The reason for this problem in adoption of new versions of Internet Explorer is the operating system. The most popular operating system is Microsoft Windows XP and it has pre-installed Internet Explorer 6. Given that Windows Vista had a fairly low adoption rate because of the initial bugs, drivers issues, resource consumption, and other problems, meant that Windows XP was still very popular. Of course not everyone using Windows XP use IE 6, many have updated or simply use another browser. But still many of them are using the browser that is default.

Speaking of this, Windows 7 will be distributed in Europe without IE installed. I’m very curious how will this influence the browsers market.

Lately “smart phones” and PDA devices have become increasingly popular. A lot of people use them to navigate on the Internet. So after the issues related to browsers on PCs, now there is a hole new set of issues on mobile device browsers.

For instance, my phone came with two browsers: Internet Explorer and Opera. Internet Explorer Mobile is terrible, so I’m using Opera which does a good job.

The problem is that many PDA / smart phone devices with Windows Mobile OS only have Internet Explorer in standard, and the previous problem returns.
When it comes to the famous Apple iPhone, Safari browser is used (and I believe that you can’t install another browser, but I’m not sure if that is true any longer).
So when you create an interface or a JavaScript application, you must take into account several aspects such as:

  • device(eg PC, PDA, smart phone etc.)
  • operating system (eg Windows, Linux, Mac, Symbian etc.)
  • browsers and there versions (eg Internet Explorer 6,7,8; FireFox, Safari, Opera etc.)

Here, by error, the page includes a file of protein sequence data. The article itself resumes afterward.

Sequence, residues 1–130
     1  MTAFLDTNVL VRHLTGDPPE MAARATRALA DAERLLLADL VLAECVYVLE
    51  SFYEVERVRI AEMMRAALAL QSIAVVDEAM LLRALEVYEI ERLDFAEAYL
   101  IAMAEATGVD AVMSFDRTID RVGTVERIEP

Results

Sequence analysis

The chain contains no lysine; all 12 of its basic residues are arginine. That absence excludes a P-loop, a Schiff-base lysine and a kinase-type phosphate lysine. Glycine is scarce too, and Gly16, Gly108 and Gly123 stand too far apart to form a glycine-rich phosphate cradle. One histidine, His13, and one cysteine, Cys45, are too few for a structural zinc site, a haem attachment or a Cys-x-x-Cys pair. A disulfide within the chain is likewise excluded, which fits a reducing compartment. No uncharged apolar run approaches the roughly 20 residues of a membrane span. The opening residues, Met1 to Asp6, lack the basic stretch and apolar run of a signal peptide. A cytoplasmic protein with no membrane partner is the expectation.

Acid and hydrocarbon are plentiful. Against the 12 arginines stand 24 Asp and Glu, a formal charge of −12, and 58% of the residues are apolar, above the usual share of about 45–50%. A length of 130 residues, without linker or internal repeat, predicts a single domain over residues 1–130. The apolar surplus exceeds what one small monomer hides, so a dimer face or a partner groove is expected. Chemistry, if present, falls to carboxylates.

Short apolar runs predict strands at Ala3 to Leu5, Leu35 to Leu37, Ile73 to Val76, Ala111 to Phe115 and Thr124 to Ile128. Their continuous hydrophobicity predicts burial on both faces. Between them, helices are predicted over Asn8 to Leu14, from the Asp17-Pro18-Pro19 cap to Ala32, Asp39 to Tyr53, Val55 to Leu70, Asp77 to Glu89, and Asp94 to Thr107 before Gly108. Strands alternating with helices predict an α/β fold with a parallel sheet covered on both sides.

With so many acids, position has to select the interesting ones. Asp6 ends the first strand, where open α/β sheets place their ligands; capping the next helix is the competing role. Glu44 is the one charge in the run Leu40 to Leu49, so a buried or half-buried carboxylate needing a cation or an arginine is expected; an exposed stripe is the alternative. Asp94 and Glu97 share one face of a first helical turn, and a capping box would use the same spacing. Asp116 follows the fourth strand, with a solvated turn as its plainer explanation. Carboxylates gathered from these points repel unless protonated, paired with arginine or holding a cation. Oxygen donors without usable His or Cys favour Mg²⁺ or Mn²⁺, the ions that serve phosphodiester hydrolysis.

• HTML 5 is almost here, but when it comes to browsers, I wonder when will we be able to use it on a large scale, given that the market is currently dominated by IE 6 and 7.

    I give it about 5 years…

    Written by Claudiu Persoiu

    15 July 2009 at 9:55 PM

    Plug-inuri Firefox utile pentru developeri

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    Si acesta este unul dintre motivele pentru care eu prefer FireFox!

    Ca tot scriam de unelte utile si nepromovate in postul trecut, acum m-am gandit sa listez cateva plug-in-uri interesante pentru browserul meu favorit, FireFox!

    Si acestea sunt cateva plugin-uri care mi se par utile cand vine vorba de development si nu numai:

    YSlow – dezvoltat de Yahoo! pentru a urmarii cateva reguli de baza pentru viteza de incarcare a paginii

    Web Development toolbar – adauga un toolbar cu diverse instrumente foarte utile pentru development

    Firebug – unealta arhicunoscuta pentru debuging live de DOM si CSS

    Live HTTP Headers – pentru a se vedea headerele care transmit in tranzactii si chiar genera raspunsuri

    IE Tab – afisaza pagina in motorul de Internet Explorer… fara sa-l deschida, foarte util pentru teste de compatibilitate fara a fi nevoie sa se deschida o noua fereastra, iar schimbarea se face cu un singur click